Postwar Rise in Highway Casualties
Traffic deaths in 1952 are approaching the peak recorded in 1941, when 40,000 people were killed in automobile accidents in the United States. The growing toll is the result of the vastly increased use of the motor car since the end of the war. To meet the challenge of death and injury on the highway, an expanding nationwide program of accident prevention has enlisted the skills of high-ranking technicians from more than a dozen fields. Psychologists are studying driver behavior to determine the true causes of car crashes. Spectacular pile-up accidents on “foolproof” superhighways have brought reconsideration of their design features and yielded new knowledge for use in current construction on the national highway system. Safety leaders will bring organized pressure on the 44 state legislatures meeting in 1953 to improve regulatory legislation aimed at reducing highway accidents. They want greater uniformity of traffic regulations, stricter licensing, tighter law enforcement, more police and driver training, modernization of accident reporting, and an overhaul of courts dealing with traffic violations.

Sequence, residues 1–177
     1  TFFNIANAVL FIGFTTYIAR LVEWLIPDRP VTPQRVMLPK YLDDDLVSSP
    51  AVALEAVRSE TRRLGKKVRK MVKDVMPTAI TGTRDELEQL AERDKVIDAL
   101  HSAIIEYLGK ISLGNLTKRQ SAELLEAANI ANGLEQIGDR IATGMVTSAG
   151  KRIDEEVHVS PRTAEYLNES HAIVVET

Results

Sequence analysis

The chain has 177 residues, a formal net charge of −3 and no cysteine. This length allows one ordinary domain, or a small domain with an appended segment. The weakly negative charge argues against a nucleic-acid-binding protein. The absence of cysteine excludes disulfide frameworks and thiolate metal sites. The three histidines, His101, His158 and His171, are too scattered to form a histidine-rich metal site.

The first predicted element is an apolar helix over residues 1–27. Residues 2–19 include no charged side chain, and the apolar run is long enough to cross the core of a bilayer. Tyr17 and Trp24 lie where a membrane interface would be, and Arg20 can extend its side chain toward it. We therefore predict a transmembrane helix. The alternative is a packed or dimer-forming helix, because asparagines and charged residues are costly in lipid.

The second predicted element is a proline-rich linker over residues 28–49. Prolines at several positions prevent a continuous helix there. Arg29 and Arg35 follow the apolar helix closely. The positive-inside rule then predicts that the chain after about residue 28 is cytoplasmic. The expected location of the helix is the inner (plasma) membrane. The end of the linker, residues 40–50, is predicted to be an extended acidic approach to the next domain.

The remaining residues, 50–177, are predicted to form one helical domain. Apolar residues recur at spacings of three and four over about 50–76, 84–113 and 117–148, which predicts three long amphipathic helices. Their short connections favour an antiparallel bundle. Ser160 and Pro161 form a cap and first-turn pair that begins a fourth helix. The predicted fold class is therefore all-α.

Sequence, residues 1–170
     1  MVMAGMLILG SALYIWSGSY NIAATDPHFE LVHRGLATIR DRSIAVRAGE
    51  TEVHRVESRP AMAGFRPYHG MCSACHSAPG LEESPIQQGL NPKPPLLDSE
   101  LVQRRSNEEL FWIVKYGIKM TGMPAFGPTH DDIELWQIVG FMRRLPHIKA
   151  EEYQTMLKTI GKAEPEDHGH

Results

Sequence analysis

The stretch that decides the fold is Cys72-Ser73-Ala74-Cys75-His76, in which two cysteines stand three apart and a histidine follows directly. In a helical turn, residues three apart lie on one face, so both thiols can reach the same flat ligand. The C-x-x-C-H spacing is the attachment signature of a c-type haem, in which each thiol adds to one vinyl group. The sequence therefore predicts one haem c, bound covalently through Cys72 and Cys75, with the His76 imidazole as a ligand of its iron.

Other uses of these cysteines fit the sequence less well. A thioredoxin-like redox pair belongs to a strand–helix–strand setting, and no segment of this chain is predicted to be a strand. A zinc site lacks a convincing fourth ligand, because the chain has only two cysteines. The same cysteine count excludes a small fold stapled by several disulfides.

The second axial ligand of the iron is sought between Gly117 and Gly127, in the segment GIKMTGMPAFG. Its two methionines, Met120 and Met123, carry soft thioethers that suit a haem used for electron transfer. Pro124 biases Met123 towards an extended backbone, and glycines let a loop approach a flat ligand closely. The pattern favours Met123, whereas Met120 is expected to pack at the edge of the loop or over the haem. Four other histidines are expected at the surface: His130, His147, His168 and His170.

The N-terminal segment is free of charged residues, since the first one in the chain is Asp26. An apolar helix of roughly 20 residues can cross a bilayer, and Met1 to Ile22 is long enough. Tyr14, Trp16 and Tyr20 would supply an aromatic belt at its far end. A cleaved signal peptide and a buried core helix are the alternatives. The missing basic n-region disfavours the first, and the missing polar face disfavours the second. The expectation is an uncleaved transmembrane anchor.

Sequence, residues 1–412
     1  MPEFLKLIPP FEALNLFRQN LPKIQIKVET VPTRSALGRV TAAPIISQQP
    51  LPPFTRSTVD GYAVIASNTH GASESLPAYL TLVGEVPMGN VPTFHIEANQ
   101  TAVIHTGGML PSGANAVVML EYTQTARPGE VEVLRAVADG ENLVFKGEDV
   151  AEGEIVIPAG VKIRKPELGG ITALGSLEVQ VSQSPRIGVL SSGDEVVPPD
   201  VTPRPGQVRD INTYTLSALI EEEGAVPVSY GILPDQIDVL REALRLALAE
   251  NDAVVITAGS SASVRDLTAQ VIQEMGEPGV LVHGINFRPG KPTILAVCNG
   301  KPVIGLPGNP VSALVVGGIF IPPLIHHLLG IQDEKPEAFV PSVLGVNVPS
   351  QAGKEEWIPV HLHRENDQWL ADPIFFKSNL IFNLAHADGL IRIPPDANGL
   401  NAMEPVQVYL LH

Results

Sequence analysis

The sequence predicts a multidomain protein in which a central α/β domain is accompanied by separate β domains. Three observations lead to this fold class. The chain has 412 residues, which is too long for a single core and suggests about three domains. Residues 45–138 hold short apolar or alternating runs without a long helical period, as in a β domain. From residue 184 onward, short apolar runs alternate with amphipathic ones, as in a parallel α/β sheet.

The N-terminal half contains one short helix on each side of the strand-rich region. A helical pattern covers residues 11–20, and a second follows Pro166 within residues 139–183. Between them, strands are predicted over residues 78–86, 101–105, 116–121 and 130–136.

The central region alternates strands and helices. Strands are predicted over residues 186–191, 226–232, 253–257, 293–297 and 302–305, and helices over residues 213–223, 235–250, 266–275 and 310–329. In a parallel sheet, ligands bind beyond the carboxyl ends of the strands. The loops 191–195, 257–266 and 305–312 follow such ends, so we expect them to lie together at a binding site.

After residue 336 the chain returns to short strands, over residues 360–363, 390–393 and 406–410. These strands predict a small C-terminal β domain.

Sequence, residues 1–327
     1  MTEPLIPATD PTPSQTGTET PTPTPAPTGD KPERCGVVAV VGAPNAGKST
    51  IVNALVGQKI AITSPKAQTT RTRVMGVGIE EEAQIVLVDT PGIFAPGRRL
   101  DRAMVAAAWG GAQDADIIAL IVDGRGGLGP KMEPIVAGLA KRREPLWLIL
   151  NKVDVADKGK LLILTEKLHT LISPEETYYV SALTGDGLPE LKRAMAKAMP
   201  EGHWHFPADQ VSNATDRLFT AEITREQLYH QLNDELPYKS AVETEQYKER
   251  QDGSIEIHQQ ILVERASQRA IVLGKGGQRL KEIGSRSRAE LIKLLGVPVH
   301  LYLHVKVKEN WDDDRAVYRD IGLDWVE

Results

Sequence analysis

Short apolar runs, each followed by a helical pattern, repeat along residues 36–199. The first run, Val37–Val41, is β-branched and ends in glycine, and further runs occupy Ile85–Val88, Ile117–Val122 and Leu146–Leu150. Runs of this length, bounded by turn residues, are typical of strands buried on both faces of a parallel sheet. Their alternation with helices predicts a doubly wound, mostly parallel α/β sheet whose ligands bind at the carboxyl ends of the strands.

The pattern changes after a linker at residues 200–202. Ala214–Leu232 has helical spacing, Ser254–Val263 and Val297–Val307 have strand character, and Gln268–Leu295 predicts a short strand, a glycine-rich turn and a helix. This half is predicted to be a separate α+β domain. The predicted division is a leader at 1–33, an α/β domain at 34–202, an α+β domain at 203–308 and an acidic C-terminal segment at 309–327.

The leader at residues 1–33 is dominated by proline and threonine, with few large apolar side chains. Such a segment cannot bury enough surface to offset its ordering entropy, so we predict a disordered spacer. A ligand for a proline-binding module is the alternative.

Auto Toll Among Members of Armed Forces
The frequency of highway accidents involving servicemen has engaged the serious attention of all branches of the military establishment. In the first eight months of this year, 668 Army personnel died in traffic accidents—all except 89 of them in private rather than military vehicles. It has been estimated that more than one-fourth the injuries suffered by Air Force personnel are incurred in motor car travel. The danger is particularly acute when servicemen on leave attempt to cover long distances in a few hours, often foregoing sleep to get back to camp in time for early morning reveille.
Active driver-training and traffic safety education programs have been instituted at most of the larger military camps, naval stations, and air training centers in this country. And commandants have issued admonitions against drinking while driving to the large numbers of men who will be on leave during the Christmas and New Year holidays.